The closer we got to the the turn off point, the more I was surrounded by half marathoners. I panicked thinking I forgot to take a turn, I couldn’t see a single marathoner anywhere near me. Right then I saw the sign for the turn off, followed by Darren on the sidewalk taking pictures as I went by. I smiled, I felt good, I was so glad he made it to the race. I was running the second half. I was running a marathon.

Feeling great!

Mile 14-16: 10:54, 12:17, 13:32

After the half marathoners turned off I felt alone, most of the runners disappeared as well as the crowds. I felt like High Street was going on forever and I had no idea how long it would take to get to the Shoe. I stopped to stretch, and take some more sport beans. I could feel my body starting to tighten. It was starting to wear down a bit as I got closer to mile 16, and I knew this would be a turning point. The next miles would be my longest run ever, distance and time wise. My pace slowed down, but I wasn’t too worried yet. In mile 16 I suddenly felt weak, my hands started shaking and I felt that if I continued to run a few more steps I would pass out. I stopped. I drank a bunch of water, ate some sport beans and ate the only Gu I had left in my FlipBelt. I didn’t know if I would get to the finish.

Mile 17-18: 12:58, 12:11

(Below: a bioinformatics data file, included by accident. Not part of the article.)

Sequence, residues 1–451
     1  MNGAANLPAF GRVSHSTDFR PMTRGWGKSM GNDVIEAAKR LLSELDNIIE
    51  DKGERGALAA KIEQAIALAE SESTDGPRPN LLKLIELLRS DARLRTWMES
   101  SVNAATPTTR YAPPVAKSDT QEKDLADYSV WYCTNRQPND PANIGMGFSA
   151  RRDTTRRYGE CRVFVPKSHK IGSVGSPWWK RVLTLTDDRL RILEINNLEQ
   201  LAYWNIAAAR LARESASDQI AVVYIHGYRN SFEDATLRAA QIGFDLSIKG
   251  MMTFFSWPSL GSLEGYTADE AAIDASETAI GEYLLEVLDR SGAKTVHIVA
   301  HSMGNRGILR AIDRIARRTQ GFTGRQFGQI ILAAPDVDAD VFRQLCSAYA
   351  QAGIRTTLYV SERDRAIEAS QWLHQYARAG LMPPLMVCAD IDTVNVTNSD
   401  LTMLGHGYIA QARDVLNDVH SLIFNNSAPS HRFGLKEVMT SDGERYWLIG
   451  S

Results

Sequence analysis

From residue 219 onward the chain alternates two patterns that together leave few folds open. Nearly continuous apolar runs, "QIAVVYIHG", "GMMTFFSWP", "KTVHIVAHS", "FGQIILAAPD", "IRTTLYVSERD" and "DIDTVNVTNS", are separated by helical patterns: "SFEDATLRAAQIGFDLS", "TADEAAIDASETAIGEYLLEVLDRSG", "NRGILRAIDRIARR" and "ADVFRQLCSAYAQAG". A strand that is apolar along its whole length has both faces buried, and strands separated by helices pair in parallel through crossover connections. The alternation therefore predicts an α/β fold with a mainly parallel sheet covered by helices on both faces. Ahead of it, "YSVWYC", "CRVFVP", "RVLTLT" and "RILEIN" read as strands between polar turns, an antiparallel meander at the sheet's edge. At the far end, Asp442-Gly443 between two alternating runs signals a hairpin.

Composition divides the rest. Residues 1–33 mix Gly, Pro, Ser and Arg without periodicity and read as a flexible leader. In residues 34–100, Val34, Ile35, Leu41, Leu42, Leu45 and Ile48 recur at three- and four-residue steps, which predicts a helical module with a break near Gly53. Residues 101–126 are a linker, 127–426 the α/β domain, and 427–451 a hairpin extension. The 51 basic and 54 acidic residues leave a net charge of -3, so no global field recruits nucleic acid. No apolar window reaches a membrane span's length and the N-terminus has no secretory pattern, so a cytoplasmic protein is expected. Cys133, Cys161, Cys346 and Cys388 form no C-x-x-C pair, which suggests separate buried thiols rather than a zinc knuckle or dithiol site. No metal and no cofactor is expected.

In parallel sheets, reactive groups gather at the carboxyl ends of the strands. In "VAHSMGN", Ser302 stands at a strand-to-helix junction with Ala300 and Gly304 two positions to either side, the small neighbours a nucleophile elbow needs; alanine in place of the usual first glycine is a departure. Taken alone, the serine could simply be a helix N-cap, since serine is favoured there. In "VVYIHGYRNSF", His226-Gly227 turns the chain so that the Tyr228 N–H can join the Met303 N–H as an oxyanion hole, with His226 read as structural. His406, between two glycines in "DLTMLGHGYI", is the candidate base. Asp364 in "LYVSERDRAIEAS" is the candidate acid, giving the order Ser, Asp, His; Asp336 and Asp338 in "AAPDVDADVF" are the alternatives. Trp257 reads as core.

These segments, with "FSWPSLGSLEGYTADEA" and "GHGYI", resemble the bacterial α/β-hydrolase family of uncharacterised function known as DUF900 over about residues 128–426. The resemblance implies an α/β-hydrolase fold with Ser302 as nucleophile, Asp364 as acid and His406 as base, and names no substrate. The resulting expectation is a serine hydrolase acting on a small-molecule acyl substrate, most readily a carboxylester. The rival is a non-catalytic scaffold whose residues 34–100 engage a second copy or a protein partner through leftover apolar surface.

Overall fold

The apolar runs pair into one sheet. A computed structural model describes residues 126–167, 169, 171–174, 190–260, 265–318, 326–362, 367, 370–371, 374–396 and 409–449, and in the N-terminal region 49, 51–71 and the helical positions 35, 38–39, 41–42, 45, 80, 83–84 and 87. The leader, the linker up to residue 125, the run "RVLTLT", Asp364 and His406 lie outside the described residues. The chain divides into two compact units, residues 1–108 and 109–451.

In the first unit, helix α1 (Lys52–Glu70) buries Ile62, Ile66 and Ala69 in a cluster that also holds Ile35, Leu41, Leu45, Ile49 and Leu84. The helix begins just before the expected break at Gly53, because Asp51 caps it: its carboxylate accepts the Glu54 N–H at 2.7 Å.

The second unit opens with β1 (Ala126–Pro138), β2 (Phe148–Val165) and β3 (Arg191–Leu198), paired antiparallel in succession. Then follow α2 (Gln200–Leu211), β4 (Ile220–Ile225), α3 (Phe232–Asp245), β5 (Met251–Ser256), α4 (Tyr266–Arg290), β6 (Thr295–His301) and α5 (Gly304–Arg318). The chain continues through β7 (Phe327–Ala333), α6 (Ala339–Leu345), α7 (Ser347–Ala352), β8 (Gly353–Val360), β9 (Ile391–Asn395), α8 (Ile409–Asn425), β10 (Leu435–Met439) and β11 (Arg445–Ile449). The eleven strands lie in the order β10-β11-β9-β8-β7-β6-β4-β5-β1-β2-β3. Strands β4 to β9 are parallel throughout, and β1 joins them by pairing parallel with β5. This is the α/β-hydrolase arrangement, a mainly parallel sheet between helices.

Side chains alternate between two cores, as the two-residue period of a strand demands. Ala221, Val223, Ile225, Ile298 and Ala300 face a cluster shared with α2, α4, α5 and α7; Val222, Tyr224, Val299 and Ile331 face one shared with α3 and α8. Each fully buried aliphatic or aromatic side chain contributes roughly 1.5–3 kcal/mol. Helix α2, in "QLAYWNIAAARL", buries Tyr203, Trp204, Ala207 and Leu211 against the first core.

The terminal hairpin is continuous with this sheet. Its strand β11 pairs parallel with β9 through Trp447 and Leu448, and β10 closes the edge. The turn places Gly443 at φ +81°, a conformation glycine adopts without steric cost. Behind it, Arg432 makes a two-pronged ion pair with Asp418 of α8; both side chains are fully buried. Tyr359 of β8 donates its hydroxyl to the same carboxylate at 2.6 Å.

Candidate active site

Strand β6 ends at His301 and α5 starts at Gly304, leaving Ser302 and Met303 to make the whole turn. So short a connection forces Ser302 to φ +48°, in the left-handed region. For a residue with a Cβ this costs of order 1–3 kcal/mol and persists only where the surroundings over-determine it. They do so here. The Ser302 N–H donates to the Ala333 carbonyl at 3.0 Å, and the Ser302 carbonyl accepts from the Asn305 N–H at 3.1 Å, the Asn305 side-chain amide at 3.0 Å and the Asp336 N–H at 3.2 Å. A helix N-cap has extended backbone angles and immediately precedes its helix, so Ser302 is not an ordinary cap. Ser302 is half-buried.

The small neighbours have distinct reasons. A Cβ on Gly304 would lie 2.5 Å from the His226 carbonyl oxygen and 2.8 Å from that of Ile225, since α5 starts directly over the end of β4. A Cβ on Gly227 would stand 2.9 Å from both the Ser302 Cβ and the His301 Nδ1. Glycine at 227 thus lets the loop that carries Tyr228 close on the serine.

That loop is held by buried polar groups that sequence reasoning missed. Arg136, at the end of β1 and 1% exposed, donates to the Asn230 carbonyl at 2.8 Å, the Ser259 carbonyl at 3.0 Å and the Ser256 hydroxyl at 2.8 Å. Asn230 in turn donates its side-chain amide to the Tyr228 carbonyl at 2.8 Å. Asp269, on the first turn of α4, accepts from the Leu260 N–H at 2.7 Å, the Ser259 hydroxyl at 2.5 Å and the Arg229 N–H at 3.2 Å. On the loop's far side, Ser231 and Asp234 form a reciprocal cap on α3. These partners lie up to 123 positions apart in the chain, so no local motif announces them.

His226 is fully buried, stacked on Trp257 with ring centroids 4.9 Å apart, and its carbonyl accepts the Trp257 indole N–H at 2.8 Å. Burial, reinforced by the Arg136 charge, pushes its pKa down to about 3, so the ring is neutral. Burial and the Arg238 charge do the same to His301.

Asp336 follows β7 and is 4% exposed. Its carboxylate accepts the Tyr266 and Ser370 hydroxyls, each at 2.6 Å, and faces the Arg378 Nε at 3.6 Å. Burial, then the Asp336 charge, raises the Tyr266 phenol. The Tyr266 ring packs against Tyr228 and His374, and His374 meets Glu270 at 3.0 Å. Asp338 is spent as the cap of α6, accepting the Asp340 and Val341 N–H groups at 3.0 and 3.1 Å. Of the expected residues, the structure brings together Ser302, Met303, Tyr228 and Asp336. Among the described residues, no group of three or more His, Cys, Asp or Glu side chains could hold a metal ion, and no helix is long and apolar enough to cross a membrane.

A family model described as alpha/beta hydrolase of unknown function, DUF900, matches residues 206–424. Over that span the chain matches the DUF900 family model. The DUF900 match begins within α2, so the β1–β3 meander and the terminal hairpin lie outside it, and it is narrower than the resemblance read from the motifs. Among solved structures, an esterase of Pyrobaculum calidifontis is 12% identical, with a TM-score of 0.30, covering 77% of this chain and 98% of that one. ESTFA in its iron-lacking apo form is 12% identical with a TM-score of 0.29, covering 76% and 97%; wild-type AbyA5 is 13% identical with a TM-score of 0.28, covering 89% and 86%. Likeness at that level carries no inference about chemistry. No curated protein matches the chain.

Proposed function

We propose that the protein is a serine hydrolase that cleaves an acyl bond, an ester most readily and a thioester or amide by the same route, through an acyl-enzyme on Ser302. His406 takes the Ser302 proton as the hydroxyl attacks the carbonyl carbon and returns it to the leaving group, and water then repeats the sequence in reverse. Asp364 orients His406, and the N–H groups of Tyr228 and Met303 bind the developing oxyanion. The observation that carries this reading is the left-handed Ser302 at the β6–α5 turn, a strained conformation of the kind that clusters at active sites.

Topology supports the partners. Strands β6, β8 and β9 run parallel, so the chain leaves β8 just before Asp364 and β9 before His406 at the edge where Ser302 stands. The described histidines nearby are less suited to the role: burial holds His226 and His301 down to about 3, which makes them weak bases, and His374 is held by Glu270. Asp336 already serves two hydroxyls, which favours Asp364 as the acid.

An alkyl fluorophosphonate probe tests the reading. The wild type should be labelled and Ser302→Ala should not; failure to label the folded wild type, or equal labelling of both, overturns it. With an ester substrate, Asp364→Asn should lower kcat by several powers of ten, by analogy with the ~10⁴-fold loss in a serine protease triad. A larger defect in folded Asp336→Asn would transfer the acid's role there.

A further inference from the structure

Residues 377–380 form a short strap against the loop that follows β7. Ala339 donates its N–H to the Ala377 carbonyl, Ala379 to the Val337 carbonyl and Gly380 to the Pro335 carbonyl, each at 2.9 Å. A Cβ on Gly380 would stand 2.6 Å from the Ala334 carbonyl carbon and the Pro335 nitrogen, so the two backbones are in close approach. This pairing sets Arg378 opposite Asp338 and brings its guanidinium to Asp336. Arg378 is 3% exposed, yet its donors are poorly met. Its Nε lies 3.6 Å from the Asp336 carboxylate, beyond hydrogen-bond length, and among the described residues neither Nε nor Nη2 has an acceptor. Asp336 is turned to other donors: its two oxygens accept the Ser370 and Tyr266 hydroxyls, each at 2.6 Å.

I started to do a walk/jog combination for the next couple of miles to get my energy level back to where it should be. As long as I was moving, I would be ok. At this point in the race we were approaching the stadium, and I was excited for my chance to run through it. We came around campus and over a bridge to a winding path around the side. It was an amazing feeling come into the Shoe, but it was a short run through. Darren was there somewhere, but I didn’t look around. I just had to keep going. As soon as we entered, we left and would enter the darkest miles of the race.

The Shoe

Mile 19-21: 14:31, 17:57, 14:06

I honestly struggled from mile 17 to mile 21. But mile 19-21 were my slowest miles for sure. I went back and forth between walking and running. I felt like I was going to get sick, and wasn’t sure if I was better off running or walking. I felt miserable. Running a marathon was miserable. And it was hard. I was exhausted, hungry and in a lot of pain. I kept counting down the miles until I would finally be done. But I never once wanted to quit. I knew I had to keep going, I wasn’t going to give up. Right around mile 20 I stopped at the port-o-pots again, I felt over hydrated, but I clearly wasn’t. I thought I was going to get sick and didn’t know if I’d have energy to get me through the last 6 miles. I looked in the mirror and told myself to get it together. Yes, it was hard. But I signed up for this. And I wasn’t alone, there were plenty of other people that were hurting. I couldn’t give up now.